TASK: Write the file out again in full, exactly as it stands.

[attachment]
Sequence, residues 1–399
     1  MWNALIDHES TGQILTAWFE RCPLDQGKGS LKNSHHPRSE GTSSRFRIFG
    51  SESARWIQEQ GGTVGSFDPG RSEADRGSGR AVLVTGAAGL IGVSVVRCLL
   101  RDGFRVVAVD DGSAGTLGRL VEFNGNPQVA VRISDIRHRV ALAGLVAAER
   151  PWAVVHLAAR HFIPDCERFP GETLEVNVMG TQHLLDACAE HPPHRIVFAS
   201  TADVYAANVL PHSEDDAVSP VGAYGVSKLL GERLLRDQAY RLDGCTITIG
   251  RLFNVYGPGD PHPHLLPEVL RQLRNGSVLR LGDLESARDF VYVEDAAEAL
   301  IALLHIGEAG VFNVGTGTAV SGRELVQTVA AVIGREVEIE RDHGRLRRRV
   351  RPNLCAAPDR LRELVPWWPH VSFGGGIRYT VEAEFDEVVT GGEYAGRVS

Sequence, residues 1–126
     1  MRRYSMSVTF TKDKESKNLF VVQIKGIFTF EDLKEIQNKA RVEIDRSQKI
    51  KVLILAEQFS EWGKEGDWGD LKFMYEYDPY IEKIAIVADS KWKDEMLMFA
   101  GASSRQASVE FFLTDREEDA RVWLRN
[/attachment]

Sequence, residues 1–399
     1  MWNALIDHES TGQILTAWFE RCPLDQGKGS LKNSHHPRSE GTSSRFRIFG
    51  SESARWIQEQ GGTVGSFDPG RSEADRGSGR AVLVTGAAGL IGVSVVRCLL
   101  RDGFRVVAVD DGSAGTLGRL VEFNGNPQVA VRISDIRHRV ALAGLVAAER
   151  PWAVVHLAAR HFIPDCERFP GETLEVNVMG TQHLLDACAE HPPHRIVFAS
   201  TADVYAANVL PHSEDDAVSP VGAYGVSKLL GERLLRDQAY RLDGCTITIG
   251  RLFNVYGPGD PHPHLLPEVL RQLRNGSVLR LGDLESARDF VYVEDAAEAL
   301  IALLHIGEAG VFNVGTGTAV SGRELVQTVA AVIGREVEIE RDHGRLRRRV
   351  RPNLCAAPDR LRELVPWWPH VSFGGGIRYT VEAEFDEVVT GGEYAGRVS

Sequence, residues 1–126
     1  MRRYSMSVTF TKDKESKNLF VVQIKGIFTF EDLKEIQNKA RVEIDRSQKI
    51  KVLILAEQFS EWGKEGDWGD LKFMYEYDPY IEKIAIVADS KWKDEMLMFA
   101  GASSRQASVE FFLTDREEDA RVWLRN